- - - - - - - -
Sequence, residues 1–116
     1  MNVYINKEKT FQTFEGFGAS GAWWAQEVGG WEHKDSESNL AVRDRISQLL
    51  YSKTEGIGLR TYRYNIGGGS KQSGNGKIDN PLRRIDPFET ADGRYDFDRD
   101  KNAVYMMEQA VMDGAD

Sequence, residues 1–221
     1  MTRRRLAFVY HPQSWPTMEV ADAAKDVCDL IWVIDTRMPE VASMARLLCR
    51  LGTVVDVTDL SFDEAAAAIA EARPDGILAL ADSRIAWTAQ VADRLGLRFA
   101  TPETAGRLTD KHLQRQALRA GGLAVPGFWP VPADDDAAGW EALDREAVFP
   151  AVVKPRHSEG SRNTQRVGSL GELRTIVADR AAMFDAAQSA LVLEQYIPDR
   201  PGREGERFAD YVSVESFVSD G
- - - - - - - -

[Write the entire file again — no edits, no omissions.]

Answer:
Sequence, residues 1–116
     1  MNVYINKEKT FQTFEGFGAS GAWWAQEVGG WEHKDSESNL AVRDRISQLL
    51  YSKTEGIGLR TYRYNIGGGS KQSGNGKIDN PLRRIDPFET ADGRYDFDRD
   101  KNAVYMMEQA VMDGAD

Sequence, residues 1–221
     1  MTRRRLAFVY HPQSWPTMEV ADAAKDVCDL IWVIDTRMPE VASMARLLCR
    51  LGTVVDVTDL SFDEAAAAIA EARPDGILAL ADSRIAWTAQ VADRLGLRFA
   101  TPETAGRLTD KHLQRQALRA GGLAVPGFWP VPADDDAAGW EALDREAVFP
   151  AVVKPRHSEG SRNTQRVGSL GELRTIVADR AAMFDAAQSA LVLEQYIPDR
   201  PGREGERFAD YVSVESFVSD G